Ecstasy could treat cancer: researchers

Researchers in Britain revealed Friday they are exploring whether the nightclubbers' drug ecstasy could be effective in treating blood cancers.

Scientists at the University of Birmingham in central England said modified forms of the drug boosted its ability to destroy cancerous cells by 100 times.

Six years ago, researchers found that cancers affecting white blood cells appeared to respond to certain "psychotropic" drugs.

These included weight loss pills, Prozac-type antidepressants, and amphetamine derivatives such as MDMA - commonly known as ecstasy.

The Birmingham scientists said their discoveries since then could lead to MDMA derivatives being used in patient trials.

The derivatives could be effective in treating blood cancers such as leukaemia, lymphoma and myeloma.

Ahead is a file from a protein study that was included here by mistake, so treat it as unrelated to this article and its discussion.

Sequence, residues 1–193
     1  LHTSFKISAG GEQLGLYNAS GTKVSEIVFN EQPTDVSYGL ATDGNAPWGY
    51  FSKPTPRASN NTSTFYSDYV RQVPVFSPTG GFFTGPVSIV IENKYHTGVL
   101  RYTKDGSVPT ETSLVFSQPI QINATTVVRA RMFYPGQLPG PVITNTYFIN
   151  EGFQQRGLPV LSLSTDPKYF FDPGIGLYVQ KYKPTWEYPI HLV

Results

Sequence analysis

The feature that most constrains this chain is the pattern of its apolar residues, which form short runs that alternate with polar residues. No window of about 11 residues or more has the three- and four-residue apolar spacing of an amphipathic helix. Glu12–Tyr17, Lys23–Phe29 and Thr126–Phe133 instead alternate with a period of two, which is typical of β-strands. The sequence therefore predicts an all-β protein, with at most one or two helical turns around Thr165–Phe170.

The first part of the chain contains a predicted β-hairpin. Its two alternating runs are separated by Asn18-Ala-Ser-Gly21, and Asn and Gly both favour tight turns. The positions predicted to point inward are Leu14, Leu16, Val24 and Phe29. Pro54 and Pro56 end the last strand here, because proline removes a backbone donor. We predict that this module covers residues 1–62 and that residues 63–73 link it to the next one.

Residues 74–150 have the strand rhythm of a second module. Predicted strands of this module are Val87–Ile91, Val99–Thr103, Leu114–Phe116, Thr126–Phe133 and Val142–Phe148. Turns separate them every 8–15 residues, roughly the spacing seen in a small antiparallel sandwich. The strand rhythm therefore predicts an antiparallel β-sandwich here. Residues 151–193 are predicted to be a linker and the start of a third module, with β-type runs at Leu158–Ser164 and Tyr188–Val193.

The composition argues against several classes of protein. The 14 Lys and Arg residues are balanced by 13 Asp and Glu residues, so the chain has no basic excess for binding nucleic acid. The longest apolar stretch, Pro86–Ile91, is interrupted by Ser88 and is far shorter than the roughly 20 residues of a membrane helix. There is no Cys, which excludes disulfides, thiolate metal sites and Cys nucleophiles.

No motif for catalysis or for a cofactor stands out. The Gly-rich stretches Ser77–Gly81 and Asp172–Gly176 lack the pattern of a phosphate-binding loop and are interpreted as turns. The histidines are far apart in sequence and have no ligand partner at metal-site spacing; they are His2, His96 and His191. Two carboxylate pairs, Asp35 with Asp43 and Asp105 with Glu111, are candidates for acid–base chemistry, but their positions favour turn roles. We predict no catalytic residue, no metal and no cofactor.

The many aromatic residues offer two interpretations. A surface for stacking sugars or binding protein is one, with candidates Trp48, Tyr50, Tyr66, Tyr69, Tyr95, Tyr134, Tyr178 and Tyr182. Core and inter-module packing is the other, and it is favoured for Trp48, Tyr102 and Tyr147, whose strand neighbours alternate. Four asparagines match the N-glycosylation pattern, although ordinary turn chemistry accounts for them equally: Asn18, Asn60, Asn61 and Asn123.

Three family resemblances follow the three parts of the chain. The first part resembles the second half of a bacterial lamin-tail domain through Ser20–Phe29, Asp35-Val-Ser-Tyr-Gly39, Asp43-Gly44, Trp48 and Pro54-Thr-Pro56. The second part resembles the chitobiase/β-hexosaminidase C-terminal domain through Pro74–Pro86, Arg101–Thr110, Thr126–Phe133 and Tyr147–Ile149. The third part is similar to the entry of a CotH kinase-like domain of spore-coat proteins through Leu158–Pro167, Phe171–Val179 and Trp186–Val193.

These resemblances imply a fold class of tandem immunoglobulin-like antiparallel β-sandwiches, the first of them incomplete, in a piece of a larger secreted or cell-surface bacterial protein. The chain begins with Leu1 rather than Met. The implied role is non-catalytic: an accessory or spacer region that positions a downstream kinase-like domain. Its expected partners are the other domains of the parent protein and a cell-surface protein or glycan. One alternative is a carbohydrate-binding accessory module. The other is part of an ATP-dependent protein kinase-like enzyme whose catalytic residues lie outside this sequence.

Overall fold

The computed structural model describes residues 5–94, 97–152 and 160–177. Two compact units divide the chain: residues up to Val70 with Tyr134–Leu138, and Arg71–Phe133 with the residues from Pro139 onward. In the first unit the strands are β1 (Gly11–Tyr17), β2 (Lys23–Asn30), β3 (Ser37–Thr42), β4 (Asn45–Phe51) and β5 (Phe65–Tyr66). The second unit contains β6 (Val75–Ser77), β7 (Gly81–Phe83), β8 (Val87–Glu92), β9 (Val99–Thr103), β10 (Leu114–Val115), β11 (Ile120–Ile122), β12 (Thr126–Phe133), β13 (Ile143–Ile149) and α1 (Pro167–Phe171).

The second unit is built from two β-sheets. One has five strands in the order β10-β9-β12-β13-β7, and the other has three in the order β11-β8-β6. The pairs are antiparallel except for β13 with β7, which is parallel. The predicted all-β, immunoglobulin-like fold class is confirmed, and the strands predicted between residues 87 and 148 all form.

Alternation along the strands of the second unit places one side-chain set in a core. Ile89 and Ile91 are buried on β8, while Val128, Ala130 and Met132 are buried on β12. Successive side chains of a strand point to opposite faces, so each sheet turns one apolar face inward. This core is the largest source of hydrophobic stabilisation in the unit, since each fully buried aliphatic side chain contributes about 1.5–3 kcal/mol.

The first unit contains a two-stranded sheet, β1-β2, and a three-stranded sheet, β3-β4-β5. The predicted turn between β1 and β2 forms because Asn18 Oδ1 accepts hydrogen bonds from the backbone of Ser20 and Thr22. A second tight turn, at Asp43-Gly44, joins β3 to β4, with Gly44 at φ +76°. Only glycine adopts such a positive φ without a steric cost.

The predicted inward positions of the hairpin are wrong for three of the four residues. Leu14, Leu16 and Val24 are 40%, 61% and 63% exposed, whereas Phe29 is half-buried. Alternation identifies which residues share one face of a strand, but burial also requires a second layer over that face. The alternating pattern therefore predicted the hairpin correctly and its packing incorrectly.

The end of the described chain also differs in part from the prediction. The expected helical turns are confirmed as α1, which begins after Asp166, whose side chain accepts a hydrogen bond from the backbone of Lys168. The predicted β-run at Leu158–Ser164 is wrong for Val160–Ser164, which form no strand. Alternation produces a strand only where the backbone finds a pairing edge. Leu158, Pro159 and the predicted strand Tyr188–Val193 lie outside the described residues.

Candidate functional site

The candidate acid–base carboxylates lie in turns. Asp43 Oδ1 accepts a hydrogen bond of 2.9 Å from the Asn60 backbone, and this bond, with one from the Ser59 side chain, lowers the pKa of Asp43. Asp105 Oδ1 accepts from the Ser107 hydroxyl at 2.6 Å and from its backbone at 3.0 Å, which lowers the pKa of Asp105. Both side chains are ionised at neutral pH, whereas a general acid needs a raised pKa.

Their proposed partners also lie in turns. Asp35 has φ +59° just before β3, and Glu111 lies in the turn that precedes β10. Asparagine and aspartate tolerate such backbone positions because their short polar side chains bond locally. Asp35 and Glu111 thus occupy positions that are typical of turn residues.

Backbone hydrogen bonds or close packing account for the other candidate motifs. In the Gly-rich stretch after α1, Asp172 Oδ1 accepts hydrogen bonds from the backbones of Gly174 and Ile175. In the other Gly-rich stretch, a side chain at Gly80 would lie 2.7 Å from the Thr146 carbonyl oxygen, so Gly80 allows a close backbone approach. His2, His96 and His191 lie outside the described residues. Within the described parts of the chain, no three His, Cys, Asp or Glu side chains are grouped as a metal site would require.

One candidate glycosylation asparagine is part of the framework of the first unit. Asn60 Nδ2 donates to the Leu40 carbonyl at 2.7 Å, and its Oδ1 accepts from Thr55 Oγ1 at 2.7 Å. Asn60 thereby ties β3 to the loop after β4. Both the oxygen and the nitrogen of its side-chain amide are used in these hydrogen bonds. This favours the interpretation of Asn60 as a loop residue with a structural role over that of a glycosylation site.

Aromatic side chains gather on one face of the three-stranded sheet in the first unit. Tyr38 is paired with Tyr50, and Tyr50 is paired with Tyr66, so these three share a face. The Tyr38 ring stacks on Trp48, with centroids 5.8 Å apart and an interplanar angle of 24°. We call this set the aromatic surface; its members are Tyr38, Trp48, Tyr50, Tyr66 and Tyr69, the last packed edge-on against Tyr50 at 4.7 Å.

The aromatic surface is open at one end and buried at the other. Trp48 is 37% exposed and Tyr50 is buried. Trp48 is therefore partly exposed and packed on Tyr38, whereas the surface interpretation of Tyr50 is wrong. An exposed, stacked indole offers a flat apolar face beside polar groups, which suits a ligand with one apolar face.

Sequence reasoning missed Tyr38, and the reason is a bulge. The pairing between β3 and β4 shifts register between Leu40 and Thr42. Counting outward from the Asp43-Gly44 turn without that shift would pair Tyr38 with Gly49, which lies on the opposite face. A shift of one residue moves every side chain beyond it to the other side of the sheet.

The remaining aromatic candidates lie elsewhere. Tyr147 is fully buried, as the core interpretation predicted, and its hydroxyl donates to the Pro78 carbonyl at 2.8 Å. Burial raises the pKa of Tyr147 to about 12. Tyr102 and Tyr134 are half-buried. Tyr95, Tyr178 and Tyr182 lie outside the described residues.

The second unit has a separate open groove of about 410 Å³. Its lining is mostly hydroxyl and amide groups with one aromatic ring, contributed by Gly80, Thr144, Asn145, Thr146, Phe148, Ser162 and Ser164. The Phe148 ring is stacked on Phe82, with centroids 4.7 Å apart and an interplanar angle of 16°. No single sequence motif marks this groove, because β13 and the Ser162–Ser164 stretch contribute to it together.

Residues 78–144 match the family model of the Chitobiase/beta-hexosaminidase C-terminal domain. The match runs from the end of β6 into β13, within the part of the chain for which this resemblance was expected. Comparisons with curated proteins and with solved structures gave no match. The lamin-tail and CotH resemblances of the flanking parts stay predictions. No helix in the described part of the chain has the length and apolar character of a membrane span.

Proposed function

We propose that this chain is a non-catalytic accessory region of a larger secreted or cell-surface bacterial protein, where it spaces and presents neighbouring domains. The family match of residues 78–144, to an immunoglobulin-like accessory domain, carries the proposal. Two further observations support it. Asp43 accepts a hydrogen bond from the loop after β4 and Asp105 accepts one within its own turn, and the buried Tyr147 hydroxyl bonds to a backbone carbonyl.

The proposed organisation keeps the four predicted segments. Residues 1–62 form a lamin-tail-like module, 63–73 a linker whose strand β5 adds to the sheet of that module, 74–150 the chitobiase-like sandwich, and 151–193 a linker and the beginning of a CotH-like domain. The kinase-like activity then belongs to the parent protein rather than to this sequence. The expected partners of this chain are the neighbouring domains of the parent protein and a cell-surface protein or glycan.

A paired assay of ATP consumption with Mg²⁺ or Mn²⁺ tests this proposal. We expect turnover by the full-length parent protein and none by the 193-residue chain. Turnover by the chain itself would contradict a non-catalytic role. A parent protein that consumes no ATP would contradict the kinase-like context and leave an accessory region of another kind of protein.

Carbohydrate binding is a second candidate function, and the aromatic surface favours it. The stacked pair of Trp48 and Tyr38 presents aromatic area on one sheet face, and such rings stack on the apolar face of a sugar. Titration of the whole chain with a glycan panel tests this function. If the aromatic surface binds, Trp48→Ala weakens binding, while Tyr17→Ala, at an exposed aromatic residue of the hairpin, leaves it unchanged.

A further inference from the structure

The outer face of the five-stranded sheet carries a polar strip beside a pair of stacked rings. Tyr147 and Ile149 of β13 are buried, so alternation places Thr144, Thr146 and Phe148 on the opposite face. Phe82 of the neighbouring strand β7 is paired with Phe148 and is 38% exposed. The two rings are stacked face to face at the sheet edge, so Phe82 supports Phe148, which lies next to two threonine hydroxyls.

"This is an exciting next step towards using a modified form of MDMA to help people suffering from blood cancer," said Professor John Gordon, from the university's School of Immunology and Infection.

"While we would not wish to give people false hope, the results of this research hold the potential for improvements in treatments in years to come."

The team found that the dose of MDMA required to treat a tumor would prove fatal, so they set about isolating the drug's cancer-killing properties.

They are now looking at ways to get MDMA molecules to penetrate cancer cell walls more easily.

Doctor David Grant, scientific director of the Leukaemia and Lymphoma Research charity, which part-funded the study, said: "The prospect of being able to target blood cancer with a drug derived from ecstasy is a genuinely exciting proposition.

"Many types of lymphoma remain hard to treat and non-toxic drugs which are both effective and have few side effects are desperately needed."

The findings are published in the bi-monthly journal Investigational New Drugs.

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